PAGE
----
Sen.  Jerry Moran, R-Kan., reintroduced the Consumer Data Privacy and Security Act, which is intended to provide Federal standards and regulations for American businesses that collect, process, and use consumers’ personally identifiable data.

Sen. Moran initially introduced the legislation in March 2020, but it did not advance out of the Senate Commerce, Science, and Transportation Committee. The legislation does not have any cosponsors at this time.

In a press release, Sen. Moran cited a recent survey that found 83 percent of voters feel data privacy regulation should be an important congressional priority this year, and said that was the impetus for reintroducing the bill.

“More and more Americans are recognizing the need for a clear Federal standard for data privacy that guarantees them the ability to determine how their personal data is used,” said Sen. Moran. “Americans need to be able to count on strong baseline responsibilities that businesses must uphold when collecting, processing, and protecting their personally identifiable information.”

Sen. Moran also touched on potential regulatory confusion as states have begun considering – and adopting – their own data privacy laws due to the absence of Federal regulations, with California and Virginia signing state regulations into law.

“Without action from Congress, consumers will continue to be vulnerable to future threats against their personal data, and innovators and job creators will be plagued with regulatory uncertainty resulting from a growing patchwork of state laws,” Sen. Moran said.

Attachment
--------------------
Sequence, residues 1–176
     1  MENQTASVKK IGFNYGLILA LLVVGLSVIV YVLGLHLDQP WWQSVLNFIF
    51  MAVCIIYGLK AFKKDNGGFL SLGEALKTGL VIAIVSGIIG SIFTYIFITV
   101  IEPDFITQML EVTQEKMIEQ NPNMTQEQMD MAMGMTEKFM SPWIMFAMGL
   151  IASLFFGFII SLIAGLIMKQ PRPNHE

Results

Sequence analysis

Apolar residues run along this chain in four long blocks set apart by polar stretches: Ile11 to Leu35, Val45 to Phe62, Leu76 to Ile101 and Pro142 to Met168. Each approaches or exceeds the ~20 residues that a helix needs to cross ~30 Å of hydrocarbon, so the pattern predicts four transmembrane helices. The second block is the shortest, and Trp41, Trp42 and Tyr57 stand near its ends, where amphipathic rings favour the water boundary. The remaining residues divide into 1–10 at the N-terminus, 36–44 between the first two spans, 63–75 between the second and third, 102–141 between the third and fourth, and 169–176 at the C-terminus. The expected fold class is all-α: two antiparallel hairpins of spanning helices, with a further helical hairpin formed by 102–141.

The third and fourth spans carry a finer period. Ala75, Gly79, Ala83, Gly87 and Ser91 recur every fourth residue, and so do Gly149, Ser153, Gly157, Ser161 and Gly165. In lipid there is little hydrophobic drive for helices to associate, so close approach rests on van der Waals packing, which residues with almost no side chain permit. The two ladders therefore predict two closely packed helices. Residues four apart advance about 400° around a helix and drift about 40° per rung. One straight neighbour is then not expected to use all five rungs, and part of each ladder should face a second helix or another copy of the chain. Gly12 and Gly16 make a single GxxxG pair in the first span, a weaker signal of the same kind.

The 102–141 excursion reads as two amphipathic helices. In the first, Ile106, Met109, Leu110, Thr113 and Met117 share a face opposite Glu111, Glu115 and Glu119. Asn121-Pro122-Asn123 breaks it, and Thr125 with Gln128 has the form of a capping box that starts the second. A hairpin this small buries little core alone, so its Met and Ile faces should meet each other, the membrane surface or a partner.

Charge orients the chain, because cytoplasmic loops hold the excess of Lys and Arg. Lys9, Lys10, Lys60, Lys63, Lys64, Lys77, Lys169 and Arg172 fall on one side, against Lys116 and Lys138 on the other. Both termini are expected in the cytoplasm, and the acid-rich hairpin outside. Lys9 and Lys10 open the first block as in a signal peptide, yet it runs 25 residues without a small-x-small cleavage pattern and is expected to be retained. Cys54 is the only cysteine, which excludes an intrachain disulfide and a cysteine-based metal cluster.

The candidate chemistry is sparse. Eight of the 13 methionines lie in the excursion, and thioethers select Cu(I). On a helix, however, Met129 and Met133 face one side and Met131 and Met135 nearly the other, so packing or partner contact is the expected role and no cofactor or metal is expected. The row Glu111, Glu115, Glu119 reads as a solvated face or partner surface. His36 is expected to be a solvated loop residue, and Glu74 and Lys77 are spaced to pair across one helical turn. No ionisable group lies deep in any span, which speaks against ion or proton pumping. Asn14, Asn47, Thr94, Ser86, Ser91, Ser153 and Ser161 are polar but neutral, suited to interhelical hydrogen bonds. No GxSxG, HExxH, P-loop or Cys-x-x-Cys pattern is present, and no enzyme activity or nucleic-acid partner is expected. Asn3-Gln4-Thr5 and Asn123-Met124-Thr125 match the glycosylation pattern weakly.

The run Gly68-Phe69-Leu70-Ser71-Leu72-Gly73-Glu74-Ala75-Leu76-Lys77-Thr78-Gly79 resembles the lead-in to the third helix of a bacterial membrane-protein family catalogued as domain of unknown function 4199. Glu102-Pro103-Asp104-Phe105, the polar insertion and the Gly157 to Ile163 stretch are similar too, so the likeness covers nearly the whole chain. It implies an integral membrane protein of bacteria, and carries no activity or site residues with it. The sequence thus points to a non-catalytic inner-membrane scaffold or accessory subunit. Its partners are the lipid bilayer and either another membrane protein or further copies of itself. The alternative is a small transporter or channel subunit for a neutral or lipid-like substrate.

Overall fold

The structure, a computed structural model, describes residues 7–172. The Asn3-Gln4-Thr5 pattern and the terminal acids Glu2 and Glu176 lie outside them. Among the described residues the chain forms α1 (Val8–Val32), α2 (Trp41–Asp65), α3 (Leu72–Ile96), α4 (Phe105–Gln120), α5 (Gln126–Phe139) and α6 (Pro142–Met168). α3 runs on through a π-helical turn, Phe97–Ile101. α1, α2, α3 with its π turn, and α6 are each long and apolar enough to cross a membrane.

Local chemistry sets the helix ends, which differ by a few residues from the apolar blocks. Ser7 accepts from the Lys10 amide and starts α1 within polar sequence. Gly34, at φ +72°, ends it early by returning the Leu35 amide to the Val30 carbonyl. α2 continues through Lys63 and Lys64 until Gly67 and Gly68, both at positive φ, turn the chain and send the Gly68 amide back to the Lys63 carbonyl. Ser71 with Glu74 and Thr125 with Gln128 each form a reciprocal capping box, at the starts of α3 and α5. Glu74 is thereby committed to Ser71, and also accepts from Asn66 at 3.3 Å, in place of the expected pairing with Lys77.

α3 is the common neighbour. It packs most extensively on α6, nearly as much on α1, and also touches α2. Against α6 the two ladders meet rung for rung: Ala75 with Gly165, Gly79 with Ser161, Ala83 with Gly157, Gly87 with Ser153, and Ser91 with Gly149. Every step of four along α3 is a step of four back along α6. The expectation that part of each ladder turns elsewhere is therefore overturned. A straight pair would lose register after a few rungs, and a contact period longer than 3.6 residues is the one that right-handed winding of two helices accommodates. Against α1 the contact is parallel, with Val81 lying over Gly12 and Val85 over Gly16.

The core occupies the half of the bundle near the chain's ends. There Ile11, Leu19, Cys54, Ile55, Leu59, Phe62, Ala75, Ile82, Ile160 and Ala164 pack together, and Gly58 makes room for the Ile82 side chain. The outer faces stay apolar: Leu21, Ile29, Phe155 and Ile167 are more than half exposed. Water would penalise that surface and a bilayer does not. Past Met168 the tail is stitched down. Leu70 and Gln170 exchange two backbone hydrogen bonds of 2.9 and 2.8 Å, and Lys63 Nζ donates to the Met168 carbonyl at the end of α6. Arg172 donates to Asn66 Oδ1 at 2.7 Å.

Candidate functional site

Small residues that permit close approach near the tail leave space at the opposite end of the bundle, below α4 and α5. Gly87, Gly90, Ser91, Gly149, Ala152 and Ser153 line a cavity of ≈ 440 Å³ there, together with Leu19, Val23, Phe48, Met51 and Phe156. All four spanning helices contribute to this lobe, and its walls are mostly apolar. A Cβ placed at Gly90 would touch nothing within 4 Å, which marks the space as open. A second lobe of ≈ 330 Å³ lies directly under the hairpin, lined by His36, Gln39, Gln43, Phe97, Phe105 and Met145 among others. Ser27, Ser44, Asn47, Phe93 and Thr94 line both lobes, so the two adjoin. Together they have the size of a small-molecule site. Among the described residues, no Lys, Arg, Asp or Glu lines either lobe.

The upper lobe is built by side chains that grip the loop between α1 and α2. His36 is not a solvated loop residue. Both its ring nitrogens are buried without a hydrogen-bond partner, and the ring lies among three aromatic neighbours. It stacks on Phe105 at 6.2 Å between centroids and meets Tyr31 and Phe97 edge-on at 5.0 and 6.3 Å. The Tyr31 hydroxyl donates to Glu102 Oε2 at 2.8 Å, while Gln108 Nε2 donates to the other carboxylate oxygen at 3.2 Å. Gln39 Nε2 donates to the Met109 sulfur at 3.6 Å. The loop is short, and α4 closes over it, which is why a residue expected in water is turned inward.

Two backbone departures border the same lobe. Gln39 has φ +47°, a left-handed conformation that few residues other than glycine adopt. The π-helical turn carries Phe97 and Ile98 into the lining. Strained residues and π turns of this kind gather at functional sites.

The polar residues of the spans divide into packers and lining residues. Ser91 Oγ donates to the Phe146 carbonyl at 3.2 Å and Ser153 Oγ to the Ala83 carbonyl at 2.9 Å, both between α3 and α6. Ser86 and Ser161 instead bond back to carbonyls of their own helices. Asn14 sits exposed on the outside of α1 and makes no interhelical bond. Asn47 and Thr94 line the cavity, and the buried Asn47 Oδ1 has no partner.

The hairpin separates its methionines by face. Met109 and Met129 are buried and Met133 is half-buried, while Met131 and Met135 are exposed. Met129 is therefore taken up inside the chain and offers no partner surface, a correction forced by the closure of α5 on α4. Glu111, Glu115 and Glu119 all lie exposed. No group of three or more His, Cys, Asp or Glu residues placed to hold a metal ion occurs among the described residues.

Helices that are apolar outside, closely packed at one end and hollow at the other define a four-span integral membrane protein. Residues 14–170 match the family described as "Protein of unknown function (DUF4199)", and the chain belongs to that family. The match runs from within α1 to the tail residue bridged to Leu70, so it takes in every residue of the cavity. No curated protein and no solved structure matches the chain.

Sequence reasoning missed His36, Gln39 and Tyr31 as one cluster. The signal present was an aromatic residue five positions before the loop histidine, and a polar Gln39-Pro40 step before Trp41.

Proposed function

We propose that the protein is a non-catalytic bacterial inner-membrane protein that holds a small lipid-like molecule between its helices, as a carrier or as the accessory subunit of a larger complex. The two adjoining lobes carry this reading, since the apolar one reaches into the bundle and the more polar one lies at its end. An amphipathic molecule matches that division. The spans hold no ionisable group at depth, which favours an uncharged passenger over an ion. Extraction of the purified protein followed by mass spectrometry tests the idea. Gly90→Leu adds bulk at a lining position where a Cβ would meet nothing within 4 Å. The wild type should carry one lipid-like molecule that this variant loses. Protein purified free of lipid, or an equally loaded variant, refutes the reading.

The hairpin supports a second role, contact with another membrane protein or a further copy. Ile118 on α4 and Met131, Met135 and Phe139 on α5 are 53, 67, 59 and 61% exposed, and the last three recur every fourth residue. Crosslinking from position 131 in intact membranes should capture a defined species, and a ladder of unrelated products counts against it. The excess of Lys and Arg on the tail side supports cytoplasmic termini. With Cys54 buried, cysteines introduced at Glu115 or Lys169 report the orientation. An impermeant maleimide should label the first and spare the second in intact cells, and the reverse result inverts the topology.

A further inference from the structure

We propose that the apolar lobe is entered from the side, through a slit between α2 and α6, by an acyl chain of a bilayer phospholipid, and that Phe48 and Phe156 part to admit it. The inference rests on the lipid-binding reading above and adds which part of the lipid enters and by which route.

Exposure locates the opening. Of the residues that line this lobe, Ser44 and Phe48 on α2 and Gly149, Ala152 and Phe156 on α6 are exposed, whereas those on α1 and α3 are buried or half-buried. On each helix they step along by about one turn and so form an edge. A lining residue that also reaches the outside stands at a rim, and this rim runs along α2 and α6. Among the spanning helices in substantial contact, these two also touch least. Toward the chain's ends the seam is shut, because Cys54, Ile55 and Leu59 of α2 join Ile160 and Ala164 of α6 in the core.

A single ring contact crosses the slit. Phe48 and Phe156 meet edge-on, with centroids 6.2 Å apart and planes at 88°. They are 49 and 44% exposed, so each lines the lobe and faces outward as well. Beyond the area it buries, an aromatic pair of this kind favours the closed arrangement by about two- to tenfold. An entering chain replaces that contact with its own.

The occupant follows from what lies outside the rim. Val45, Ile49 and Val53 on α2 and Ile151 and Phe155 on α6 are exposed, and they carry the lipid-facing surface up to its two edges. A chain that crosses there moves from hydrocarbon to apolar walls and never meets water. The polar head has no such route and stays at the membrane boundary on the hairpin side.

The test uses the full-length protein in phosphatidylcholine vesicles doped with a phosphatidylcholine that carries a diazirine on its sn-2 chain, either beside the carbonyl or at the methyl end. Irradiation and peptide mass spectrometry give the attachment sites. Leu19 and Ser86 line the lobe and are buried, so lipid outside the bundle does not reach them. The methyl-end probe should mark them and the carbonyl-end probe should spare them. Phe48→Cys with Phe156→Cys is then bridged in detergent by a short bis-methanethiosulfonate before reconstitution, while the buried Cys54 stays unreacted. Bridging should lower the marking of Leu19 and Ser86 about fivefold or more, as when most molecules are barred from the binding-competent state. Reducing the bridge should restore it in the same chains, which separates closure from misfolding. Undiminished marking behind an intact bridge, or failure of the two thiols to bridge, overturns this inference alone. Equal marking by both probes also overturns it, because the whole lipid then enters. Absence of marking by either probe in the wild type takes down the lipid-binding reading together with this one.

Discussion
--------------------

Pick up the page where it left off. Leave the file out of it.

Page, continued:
The Consumer Data Privacy and Security Act would:

  • “Establish a clear Federal standard for data privacy protection, giving businesses a uniform standard rather than a patchwork of confusing state laws.
  • Provide consumers with control over their own data to access, correct, and erase their personal data.
  • Require businesses that collect and process a significant amount of personal data to take extra precautionary steps to protect and responsibly process that data.
  • Prohibit companies from collecting data without consumers’ consent with limited and specific exceptions.
  • Require businesses to develop and implement robust data security programs to protect personal data from unauthorized access and disclosure.
  • Equip the Federal Trade Commission (FTC) and state attorneys general with authority to uniformly enforce Federal consumer privacy protections while providing the FTC the resources necessary to carry out those authorities.”

The bill does not appear to have companion legislation in the House.

Read More About
More Topics
Kate Polit
Kate Polit
Kate Polit is MeriTalk's Assistant Copy & Production Editor covering the intersection of government and technology.